When we were children, my sister and I once passed by a psychic medium as he moved through a Civil War battlefield.

His hands reached outward, and he was murmuring to himself. There is a heavy burden here… I feel a disturbance, I feel the bones. Spirit, give me a sign.

We giggled and kept walking through the cornfield, a shortcut to a neighbor’s house.


At family dinners, my father, grandfather, and cousin would sometimes tell war stories. Guadalcanal, Vietnam, Iraq. Mostly they joked, laughed.

And they were funny, and we also laughed.

When they spoke, there was visible space between each sentence, a calculation of audience. The rest of us listened hard, trying to hear every word in every joke. But the empty air seemed louder.


After my grandfather died, we went through his things. Clothes, shoes, receipts.

And in the attic, my sister found a trunk. It was marked with his name and a year.

Inside were things from the war: his service uniform and letters from home.

Tucked under those items were souvenirs. A bag of tiger cowrie shells. A glass pendant in a jewelry box. A scarf.

And underneath those: a Shin guntò„ sword. An Arisaka rifle. A photograph of our grandfather standing over a blurry, prone figure, holding the sword awkwardly and grinning.

In the very bottom of the trunk was a small suede pouch. Inside was something that looked like a gold tooth.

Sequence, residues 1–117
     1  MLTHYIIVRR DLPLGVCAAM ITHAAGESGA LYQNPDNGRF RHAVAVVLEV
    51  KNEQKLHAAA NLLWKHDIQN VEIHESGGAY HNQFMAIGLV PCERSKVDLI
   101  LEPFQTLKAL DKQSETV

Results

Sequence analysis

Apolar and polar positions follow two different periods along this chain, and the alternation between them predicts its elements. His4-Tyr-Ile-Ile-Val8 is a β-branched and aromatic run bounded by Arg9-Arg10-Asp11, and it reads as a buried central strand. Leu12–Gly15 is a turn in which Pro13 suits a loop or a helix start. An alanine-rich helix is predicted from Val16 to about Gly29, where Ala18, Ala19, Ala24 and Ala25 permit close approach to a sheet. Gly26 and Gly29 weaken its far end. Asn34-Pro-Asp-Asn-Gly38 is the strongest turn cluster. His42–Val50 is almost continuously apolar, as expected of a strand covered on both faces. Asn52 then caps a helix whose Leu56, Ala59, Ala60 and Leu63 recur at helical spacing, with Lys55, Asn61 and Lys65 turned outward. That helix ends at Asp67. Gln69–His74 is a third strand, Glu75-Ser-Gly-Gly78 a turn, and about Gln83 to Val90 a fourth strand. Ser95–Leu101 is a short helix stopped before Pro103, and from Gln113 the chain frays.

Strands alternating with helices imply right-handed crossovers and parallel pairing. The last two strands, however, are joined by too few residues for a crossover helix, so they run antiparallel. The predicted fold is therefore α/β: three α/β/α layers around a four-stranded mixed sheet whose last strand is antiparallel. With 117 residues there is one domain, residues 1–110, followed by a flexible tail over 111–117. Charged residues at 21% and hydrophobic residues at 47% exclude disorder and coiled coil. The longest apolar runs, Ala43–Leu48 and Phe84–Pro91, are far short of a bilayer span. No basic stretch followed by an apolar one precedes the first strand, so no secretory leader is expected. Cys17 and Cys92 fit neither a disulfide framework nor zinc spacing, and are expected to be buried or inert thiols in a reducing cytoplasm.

My sister and I looked at each other. We had never seen a real gold tooth. We decided it was not a gold tooth.


Now, when we see each other on holidays, on birthdays, my sister and I greet each other quietly. There is a lot of space between our sentences.

We sit down to dinner and all appears normal, and perhaps it is. When our father and cousin tell funny war stories, we laugh with everyone else.

But there are moments, during these stories and after they are over, when my sister and I look at one another directly.

And I shut my eyes, and she shuts hers.

My hands relax, holding empty air.

I want to say, There is a heavy burden here. I feel a disturbance. I feel the bones.

I want to say, Spirit, give me a sign.




Ashley Hutson

Ashley Hutson

Ashley Hutson lives in rural Maryland. Her work has appeared in several journals, most recently Fiction International, SmokeLong Quarterly, Sundog Lit, matchbook, and Hypertrophic.
Ashley Hutson

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